The trial and conviction of former president Mohamed Nasheed was “vastly unfair, arbitrary, and disproportionate,” a senior official at the UN human rights office said yesterday, urging action to resolve a deepening political crisis.
The government, however, remains defiant in the face of growing international and domestic pressure for the release of the opposition leader.
At a UN press briefing in Geneva on Friday, Mona Rishmawi, head of the rule of law, equality and non-discrimination branch, said Nasheed’s 19-day trial was politically motivated and his conviction was reached by judges wielding “incredible discretionary powers.”
“We kind of started to get signals that even the government recognises that something went wrong with the process of the trial,” she was quoted as saying by Reuters.
“We would like to see this translate into concrete political action and see something happening in this case…What is very clear is that the president still has clemency powers.”
Rishmawi visited the Maldives from April 20 to 23 as head of a delegation from the Office of the High Commissioner for Human Rights to “examine the broader issues” related to Nasheed’s case.
However, foreign minister Dunya Maumoon told the state broadcaster yesterday that the government will not comply with demands from foreign governments to “meddle” with the judiciary and release a convict.
The European parliament adopted a resolution last week calling on the government to release Nasheed and urged member states to issue warnings on the Maldives’ human rights record on their travel advice websites.
Nasheed’s international lawyers are also seeking a judgment from the UN working group on arbitrary detention declaring his incarceration illegal.
Dunya reportedly said the Maldives would become “enslaved” and lose its independence if the government accepted the demands.
The foreign governments do not wish well for the Maldives, Dunya said, and called on the public to protect the country’s institutions, independence, and sovereignty.
After meetings with officials from the government and the judiciary as well as members of civil society organisations, the UN delegation found that the prosecutor general and judges have “excessive discretionary powers” in the absence of criminal justice procedures and evidence laws, according to a press briefing note from the UN rights office.
Rishmawi noted that lesser charges against Nasheed over the January 2012 military detention of criminal court chief judge Abdulla Mohamed had been withdrawn shortly before his arrest in February.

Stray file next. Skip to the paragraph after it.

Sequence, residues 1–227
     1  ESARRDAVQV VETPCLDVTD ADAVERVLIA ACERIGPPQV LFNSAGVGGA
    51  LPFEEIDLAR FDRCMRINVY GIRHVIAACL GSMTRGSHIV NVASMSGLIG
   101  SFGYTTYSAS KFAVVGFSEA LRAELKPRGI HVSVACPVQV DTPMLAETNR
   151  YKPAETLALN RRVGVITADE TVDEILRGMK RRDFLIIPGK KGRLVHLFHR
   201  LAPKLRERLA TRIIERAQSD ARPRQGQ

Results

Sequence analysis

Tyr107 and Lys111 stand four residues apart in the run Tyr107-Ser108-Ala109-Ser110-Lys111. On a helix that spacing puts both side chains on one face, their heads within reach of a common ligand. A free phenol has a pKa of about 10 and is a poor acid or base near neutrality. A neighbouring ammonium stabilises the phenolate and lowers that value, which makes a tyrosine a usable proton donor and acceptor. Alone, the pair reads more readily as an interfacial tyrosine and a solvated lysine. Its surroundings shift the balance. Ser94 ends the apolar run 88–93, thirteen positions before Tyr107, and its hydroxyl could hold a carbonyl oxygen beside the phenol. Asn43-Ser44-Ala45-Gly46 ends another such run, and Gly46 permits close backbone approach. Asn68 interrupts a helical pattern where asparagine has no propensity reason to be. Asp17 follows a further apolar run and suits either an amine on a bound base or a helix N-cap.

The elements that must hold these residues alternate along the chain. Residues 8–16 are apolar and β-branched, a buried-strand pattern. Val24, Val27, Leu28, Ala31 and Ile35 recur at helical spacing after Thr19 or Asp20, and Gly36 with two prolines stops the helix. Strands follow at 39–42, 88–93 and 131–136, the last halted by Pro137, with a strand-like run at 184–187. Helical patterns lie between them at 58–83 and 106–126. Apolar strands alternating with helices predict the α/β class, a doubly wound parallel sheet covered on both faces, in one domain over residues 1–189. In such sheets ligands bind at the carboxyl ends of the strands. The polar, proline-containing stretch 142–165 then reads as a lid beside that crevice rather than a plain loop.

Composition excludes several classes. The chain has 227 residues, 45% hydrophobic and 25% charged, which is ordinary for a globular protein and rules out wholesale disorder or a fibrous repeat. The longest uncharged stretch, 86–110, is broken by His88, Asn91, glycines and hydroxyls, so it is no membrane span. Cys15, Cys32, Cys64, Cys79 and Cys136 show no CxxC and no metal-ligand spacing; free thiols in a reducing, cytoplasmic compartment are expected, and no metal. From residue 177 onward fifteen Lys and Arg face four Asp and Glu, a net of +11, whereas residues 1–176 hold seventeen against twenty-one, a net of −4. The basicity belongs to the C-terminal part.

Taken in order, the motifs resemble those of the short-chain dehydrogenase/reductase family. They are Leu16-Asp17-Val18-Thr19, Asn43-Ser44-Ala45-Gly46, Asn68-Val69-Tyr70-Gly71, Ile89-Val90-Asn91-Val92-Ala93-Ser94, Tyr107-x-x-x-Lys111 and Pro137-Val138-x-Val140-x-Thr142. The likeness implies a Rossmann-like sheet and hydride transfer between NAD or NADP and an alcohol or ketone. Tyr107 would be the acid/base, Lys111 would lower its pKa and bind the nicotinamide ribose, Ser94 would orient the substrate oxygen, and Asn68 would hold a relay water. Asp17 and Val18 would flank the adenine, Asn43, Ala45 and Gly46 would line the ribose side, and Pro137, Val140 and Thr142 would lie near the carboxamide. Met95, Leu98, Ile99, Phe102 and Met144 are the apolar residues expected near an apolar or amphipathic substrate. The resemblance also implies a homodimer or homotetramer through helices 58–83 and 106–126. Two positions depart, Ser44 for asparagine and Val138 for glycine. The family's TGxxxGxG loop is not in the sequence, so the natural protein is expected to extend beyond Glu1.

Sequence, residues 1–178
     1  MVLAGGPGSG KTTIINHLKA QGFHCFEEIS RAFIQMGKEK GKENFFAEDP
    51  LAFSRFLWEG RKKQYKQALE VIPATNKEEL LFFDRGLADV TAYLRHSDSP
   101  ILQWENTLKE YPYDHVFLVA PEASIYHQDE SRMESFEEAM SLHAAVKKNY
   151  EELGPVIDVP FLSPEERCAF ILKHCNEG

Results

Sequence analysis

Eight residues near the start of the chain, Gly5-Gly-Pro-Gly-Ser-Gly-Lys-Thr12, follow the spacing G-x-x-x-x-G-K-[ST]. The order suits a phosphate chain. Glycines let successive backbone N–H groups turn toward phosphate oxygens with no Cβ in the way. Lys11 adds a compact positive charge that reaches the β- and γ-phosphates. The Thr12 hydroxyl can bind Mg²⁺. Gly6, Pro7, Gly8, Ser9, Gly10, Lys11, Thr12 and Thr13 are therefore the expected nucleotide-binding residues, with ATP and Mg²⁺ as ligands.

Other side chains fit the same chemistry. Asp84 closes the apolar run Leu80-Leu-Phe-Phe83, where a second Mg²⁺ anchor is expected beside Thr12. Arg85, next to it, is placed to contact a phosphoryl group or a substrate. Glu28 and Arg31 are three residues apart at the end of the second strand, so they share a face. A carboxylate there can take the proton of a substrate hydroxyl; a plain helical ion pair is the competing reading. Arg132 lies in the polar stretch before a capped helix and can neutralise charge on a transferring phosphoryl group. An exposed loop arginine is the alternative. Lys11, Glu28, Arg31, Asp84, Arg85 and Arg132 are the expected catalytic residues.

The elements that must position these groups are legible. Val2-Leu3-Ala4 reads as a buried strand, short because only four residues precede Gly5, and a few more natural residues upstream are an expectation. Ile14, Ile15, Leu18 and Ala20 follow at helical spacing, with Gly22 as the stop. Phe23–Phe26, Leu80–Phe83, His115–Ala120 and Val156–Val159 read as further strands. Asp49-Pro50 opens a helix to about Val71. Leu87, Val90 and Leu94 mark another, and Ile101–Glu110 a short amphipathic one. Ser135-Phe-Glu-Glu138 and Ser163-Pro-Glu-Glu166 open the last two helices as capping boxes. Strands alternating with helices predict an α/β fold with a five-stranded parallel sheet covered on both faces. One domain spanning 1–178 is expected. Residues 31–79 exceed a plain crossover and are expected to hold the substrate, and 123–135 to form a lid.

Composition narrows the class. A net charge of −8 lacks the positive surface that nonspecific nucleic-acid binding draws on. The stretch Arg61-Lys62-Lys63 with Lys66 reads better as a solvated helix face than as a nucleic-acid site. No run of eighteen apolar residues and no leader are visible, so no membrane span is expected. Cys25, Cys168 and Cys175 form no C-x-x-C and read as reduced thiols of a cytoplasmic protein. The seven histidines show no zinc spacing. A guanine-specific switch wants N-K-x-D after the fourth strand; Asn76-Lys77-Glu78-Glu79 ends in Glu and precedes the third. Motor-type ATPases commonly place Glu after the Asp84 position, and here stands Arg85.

Nasheed “learnt about the new charge under the Terrorism Act only upon his arrest.”
He was found guilty on March 13 and sentenced to 13 years in prison.
The criminal court denied Nasheed “the possibility to prepare and present adequate defence, including calling defence witnesses, and examining the evidence against him.”
“What we saw is that the rules have been really changed to lead to a certain result,” she said.
The discretionary powers do not work for the benefit of a fair trial, which she said was the main issue at stake and suggested that “international pressure could help fix flaws” in the judiciary.
The briefing note added that the Maldivian judiciary is “is perceived as politicised, inadequate and subject to external influence” and referred to the convictions of former defence ministers Mohamed Nazim and Tholhath Ibrahim, who also “received disproportionate sentences in a flawed trials.”
The UN human rights office urged the government to ensure an environment conducive for political dialogue, allow the exercise of the rights of free expression and assembly, and ensure Nasheed’s safety in custody.
Rishmawi met the former president in a “temporary location” before he was transferred to the high-security Maafushi jail, and described Nasheed as thoughtful and humorous.
“But I wouldn’t say he was relaxed. He knew he was facing 13 years in prison and he knew that his situation is really really difficult and he worried a lot about his safety,” she said.